Wall St: Not Just A Magnificent Seven Story Anymore
Having rallied, broadly, in line with each other for much of 2023, the handful of equities in question – Apple, Amazon, Alphabet, Meta, Microsoft, Nvidia and Tesla – have performed in a far from uniform way since the turn of the year.
While Nvidia continues to benefit from the ever-increasing frenzy around AI, and Meta has performed strongly, boosted by blowout Q4 earnings, and the announcement of the firm’s first ever dividend payment, other names in this grouping have performed in a decidedly more ordinary manner.
Both Alphabet and Apple have failed to outperform the S&P 500 on a YTD basis, the former owing to significantly poorer than expected Q4 advertising revenue, and the latter amid a handful of broker downgrades, amid ongoing demand worries, particularly in China. The standout laggard, however, is Tesla, which stands as the worst performer in the S&P 500, trading over 25% lower YTD, amid a plethora of issues ranging from waning EV demand to long-running concerns over corporate governance.
Many, therefore, are beginning to wonder whether the ‘magnificent seven’ should be renamed the ‘super six’, ‘fab five’, ‘fantastic four’, or any other moderately cringeworthy moniker that could reasonably be used for a group of booming megacap equities – answers on a postcard, please!
On a more serious level, and keeping that grouping as a seven for now, it’s noteworthy how the tech behemoths haven’t outperformed the broader market to anywhere near the same degree as seen during 2023.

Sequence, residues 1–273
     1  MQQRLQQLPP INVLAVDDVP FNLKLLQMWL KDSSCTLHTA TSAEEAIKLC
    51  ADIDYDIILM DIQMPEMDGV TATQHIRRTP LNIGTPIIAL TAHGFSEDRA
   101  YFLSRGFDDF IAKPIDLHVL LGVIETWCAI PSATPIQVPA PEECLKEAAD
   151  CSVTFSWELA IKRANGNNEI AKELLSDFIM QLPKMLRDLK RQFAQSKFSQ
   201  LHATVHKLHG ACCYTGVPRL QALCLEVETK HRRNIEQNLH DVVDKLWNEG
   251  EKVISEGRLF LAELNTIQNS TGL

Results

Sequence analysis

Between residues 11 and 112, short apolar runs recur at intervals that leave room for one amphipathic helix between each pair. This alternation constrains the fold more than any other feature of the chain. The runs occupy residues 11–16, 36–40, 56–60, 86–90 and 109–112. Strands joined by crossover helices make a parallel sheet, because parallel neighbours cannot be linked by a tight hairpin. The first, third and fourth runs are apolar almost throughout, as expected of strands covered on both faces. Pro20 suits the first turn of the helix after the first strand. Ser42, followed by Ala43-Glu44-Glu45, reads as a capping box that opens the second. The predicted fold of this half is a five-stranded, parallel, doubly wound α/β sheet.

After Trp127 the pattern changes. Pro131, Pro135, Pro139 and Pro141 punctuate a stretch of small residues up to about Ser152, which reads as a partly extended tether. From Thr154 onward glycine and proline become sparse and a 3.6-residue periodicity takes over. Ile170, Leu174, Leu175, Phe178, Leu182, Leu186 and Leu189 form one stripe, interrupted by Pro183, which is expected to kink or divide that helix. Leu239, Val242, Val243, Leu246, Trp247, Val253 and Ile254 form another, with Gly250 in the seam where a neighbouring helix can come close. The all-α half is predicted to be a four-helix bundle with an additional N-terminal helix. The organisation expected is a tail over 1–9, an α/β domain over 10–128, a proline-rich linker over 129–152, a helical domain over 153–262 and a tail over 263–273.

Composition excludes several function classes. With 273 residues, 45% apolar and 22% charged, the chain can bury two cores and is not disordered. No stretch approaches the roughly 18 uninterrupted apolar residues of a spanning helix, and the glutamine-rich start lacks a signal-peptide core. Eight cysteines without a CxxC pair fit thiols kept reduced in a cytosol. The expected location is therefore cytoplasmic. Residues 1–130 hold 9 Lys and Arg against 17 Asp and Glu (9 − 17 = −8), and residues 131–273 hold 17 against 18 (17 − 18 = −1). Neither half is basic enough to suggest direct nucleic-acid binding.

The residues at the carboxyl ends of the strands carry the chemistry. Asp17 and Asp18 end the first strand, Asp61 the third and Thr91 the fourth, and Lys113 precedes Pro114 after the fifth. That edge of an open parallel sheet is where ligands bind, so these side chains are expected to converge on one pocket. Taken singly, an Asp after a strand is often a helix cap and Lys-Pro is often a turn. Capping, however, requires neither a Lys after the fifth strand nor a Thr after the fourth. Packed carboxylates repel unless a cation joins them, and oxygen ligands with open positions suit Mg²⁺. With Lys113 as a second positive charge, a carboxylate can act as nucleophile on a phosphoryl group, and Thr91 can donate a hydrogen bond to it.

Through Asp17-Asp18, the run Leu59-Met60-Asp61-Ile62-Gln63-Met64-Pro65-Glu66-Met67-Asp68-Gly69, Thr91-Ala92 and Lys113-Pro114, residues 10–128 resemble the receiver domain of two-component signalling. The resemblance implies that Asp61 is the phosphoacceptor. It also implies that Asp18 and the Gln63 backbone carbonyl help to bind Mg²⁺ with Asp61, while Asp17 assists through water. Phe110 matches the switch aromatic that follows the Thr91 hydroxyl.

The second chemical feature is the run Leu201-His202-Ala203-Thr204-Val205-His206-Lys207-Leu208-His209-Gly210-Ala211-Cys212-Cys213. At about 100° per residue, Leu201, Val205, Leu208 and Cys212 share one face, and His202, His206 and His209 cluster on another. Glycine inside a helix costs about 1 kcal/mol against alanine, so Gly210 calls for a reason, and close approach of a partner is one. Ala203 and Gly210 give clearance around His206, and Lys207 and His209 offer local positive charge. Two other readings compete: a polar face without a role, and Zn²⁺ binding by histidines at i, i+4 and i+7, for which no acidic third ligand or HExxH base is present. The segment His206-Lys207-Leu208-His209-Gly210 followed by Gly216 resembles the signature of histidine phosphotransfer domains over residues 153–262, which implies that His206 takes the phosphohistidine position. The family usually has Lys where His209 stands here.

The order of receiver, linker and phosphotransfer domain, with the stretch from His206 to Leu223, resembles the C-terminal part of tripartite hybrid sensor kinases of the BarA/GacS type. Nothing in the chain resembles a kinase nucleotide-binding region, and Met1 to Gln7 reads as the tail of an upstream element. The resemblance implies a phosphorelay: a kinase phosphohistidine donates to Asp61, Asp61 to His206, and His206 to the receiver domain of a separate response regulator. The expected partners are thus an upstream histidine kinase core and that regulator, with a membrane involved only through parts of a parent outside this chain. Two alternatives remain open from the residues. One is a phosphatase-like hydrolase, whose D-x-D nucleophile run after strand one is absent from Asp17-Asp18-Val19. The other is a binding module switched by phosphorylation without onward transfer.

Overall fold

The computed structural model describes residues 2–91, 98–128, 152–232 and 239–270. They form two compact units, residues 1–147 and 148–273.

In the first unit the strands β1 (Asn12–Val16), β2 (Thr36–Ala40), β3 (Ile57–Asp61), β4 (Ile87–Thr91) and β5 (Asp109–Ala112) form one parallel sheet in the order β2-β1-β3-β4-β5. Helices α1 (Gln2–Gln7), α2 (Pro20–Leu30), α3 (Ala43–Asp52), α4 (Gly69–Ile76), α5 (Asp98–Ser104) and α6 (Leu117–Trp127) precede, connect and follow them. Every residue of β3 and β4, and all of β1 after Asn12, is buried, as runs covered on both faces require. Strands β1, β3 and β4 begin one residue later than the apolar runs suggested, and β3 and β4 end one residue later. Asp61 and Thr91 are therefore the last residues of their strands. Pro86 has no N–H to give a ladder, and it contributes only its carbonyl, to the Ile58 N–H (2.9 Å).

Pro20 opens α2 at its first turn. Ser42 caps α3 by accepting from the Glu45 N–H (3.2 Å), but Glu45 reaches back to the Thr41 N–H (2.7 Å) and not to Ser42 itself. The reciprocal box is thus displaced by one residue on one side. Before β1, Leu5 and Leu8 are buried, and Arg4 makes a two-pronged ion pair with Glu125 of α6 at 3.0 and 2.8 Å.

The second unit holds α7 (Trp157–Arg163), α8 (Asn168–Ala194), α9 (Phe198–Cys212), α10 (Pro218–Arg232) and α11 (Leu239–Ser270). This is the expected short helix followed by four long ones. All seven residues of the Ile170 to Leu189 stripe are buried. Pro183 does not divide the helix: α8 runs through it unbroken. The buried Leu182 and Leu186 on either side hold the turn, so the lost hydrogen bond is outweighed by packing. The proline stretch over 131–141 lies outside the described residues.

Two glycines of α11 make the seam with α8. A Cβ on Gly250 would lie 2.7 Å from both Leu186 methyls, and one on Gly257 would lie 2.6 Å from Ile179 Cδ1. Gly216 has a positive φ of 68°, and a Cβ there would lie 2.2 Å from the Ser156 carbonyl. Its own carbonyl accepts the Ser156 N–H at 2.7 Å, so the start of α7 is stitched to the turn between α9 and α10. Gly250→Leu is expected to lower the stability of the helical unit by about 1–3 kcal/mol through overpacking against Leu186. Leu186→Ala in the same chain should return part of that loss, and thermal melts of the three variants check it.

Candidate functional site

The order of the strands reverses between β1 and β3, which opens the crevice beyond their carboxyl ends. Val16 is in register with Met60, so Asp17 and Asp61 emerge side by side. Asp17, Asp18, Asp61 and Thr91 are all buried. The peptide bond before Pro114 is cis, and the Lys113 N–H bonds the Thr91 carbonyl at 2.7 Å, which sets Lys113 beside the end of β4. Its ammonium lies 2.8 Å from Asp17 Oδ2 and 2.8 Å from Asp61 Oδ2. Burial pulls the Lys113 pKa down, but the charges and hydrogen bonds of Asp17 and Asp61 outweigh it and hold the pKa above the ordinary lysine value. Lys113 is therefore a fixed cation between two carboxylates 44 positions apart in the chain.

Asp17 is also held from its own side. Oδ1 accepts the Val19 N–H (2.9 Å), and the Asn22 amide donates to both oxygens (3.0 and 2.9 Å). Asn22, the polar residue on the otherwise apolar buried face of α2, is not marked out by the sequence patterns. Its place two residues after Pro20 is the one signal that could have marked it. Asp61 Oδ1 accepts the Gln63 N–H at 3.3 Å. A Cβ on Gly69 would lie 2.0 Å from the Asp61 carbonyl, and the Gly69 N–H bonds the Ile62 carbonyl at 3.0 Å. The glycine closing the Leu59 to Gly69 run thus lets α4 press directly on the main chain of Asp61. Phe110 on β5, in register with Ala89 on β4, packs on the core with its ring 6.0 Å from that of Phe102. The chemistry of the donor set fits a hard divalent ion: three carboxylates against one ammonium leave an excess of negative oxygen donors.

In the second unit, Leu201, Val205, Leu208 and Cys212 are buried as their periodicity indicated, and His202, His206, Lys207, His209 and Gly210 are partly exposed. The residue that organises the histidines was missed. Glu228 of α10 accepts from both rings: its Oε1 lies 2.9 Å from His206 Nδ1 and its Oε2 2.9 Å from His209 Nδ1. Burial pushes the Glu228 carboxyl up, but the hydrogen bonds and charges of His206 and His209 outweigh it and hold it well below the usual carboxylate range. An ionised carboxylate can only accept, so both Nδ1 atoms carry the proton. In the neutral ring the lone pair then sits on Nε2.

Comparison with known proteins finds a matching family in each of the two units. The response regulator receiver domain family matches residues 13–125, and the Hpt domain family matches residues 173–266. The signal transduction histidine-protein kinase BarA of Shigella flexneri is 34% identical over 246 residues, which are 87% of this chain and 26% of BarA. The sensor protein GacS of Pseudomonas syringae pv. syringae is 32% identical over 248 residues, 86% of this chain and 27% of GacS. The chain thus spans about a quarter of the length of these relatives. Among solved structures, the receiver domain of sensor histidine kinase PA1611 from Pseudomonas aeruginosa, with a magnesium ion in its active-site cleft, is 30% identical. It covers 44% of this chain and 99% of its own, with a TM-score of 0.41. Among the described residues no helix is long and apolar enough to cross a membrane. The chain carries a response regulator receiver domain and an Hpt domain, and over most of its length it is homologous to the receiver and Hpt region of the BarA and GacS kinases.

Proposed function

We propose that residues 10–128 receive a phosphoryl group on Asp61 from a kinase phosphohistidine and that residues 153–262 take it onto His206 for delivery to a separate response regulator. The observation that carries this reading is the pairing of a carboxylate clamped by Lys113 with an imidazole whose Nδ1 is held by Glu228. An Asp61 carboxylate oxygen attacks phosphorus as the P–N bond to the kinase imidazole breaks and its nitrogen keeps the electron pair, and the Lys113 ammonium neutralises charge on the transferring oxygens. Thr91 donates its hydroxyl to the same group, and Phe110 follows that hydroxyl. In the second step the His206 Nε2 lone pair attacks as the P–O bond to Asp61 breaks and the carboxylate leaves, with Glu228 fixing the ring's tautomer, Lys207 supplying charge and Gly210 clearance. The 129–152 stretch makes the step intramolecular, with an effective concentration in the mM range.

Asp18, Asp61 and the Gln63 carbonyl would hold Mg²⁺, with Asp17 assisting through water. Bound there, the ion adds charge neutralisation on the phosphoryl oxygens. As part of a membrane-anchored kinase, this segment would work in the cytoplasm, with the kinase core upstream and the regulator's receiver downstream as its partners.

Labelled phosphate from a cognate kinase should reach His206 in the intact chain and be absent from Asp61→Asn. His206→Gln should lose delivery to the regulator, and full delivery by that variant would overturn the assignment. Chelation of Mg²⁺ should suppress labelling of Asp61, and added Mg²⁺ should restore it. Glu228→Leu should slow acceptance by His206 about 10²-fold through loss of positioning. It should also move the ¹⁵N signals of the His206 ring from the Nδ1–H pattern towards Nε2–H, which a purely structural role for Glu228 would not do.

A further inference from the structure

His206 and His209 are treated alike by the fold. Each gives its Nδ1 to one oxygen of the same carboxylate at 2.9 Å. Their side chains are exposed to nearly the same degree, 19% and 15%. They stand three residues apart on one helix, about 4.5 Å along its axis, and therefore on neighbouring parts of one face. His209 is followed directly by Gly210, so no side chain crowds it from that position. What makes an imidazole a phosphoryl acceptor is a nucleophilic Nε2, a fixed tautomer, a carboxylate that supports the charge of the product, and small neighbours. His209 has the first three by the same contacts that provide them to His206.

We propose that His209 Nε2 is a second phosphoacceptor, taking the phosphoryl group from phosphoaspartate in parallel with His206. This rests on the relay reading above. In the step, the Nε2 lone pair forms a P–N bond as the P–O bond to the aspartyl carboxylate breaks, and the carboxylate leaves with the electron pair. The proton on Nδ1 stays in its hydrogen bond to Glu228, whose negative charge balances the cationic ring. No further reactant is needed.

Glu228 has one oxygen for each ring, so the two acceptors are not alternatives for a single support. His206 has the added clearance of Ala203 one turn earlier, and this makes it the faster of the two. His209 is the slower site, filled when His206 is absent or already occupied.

This hints at a broader theme, in that the equity rally seen so far in 2024 has been significantly more broad based than that which came last year. A simple look at the performance of various sectors this year evidences this well.
On the whole, that sector breakdown is largely what you would expect in the current macro environment – where the US economy looks set to stick the much-anticipated ‘soft landing’, and Fed policymakers have struck a relatively hawkish tone, pushing back on the idea of cuts in Q1, sparking a repricing of the USD OIS curve, and a kick higher in yields across the Treasury curve.
Naturally, financials should benefit from such an environment, while you’d also expect real estate and utilities to soften, as has occurred. In any case, it’s nice to get a long-overdue reminder that, despite recent form, the US equity market isn’t only about tech.
There are other signs that also point to a differing dynamic under the market’s surface, and better overall breadth. While there are many ways to measure such a concept, perhaps the simplest in any given index is to simply look at the proportion of constituents trading above a given moving average; I’ve used the 200-day MA here, simply due to its prowess in gauging longer-run momentum.
Clearly, the above shows the rally being relatively broad based, with well over 70% of S&P 500 members trading above said long-run average. Other indicators tell a similar story, including the advance-decline ratio, and the % of index members printing new all-time highs, with around 10-15% of index members having printed new 52-week highs on a daily basis since the middle of last month.
There is a case, however, to say that while all of the above is interesting, all one really needs to look at is price to gauge where the market may be heading. On that note, both the S&P 500 and Nasdaq 100 trade at fresh record highs, with the front S&P contract now trading north of the 5,000 mark for the first time ever. As has often been stated in these columns, there are few more bullish signs than a market printing fresh records.
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